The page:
Francois GrinOn Friday, economist Prof Franҫois Grin (University of Geneva, Switzerland) spoke about “Foreign language skills, ‘linguistic work’ and the economic theorie of value”. First, he discussed the personal, social and national value added by multilingualism based on the example of Switzerland before turning to issues of internationalisation in HE. Specifically, he expressed concern about the unquestioned dominance of certain languages (often English, but not always) as medium of instruction, the possibility of ‘deliberate linguistic imperialism’, and some of the ‘negative value of internationalisation’. In his view, world language governance is needed, and he called for a ‘Linguistic Kyoto’ to be established.

??????????At the conference dinner on Friday, April 12, Prof em. Geerd Hofstede (right), who has a long affiliation with the ICLHE conference series, gave a talk about the “Seven Deadly Sins in a Multicultural World”.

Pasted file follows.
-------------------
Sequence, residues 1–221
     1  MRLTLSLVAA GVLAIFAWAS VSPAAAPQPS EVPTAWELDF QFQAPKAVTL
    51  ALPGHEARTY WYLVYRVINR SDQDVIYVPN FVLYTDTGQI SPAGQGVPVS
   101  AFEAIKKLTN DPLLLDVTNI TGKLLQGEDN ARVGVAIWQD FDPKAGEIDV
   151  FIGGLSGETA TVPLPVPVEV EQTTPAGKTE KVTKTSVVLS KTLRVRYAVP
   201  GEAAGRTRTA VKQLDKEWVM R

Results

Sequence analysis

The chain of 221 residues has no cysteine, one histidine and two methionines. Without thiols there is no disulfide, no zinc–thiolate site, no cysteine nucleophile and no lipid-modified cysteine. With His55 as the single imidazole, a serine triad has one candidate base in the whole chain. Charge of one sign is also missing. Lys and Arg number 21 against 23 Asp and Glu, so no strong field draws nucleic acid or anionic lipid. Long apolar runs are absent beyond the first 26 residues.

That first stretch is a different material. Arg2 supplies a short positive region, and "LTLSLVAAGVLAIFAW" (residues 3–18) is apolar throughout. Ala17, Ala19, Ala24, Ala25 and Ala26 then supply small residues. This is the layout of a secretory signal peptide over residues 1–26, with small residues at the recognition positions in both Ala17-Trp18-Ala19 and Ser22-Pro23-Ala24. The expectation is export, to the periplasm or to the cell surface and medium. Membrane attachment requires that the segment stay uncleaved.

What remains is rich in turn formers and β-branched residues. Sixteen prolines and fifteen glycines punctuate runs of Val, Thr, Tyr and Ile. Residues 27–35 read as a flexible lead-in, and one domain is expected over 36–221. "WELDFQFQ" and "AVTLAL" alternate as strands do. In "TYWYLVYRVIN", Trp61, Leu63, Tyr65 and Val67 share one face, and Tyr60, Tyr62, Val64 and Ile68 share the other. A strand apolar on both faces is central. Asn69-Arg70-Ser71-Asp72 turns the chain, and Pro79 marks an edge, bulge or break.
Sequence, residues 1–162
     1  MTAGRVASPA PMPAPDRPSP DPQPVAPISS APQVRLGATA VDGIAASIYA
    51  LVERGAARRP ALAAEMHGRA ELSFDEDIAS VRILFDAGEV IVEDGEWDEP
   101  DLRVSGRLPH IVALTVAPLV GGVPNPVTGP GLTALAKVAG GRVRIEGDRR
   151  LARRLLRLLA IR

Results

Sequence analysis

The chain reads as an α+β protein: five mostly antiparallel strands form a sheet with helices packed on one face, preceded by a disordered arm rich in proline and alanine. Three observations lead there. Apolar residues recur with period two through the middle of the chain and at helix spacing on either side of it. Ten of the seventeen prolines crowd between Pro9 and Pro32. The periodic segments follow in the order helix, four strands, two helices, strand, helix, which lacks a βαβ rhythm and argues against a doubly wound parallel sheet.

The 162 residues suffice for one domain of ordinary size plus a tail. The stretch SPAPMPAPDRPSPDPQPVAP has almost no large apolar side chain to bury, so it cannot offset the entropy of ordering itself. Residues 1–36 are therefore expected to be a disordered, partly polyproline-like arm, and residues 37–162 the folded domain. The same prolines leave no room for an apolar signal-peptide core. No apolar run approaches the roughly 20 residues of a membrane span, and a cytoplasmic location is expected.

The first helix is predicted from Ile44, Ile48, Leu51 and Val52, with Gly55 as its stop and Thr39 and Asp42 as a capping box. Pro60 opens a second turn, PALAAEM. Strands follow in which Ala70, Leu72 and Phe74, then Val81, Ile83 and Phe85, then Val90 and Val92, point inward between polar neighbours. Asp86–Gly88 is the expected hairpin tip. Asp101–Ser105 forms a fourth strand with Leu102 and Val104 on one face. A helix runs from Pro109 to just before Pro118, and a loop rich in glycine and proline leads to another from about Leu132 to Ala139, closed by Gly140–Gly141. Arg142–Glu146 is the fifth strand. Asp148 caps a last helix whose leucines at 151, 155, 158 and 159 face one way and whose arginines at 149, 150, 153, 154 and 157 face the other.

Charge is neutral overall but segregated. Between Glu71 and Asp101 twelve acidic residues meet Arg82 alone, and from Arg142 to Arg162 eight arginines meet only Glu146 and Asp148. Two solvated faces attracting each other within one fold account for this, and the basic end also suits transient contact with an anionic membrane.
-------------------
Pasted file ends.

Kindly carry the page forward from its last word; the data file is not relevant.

A long list of speakers from Europe and beyond – early-career researchers, practicioners, and leading experts in the field – presented insightful papers about a wide range of issues relating to the integration of content and language at tertiary level. For a full list of abstracts, click here.

CLERA member and postgraduate researcher at Aston, Elisabeth Wielander, presented a paper titled ‘CLIL in UK Higher Education: Converging with and diverging from European models’ (abstract).

And finally, on April 11, 2013, the ICLHE Association was officially founded and its constitutive board elected.

HEA seminar: Mobile Language Learning

HEA logoMobile Language Learning
Thursday 25 April 2013, Manchester

Despite the potential for mobile learning to support, even transform, teaching practice, some educationalists remain sceptical of the benefits of mobile learning in its current form. Kukulska-Hulme (2009), for example, calls for us to give more consideration to ‘how mobility, accompanied by digital, location-aware technologies, changes learning’.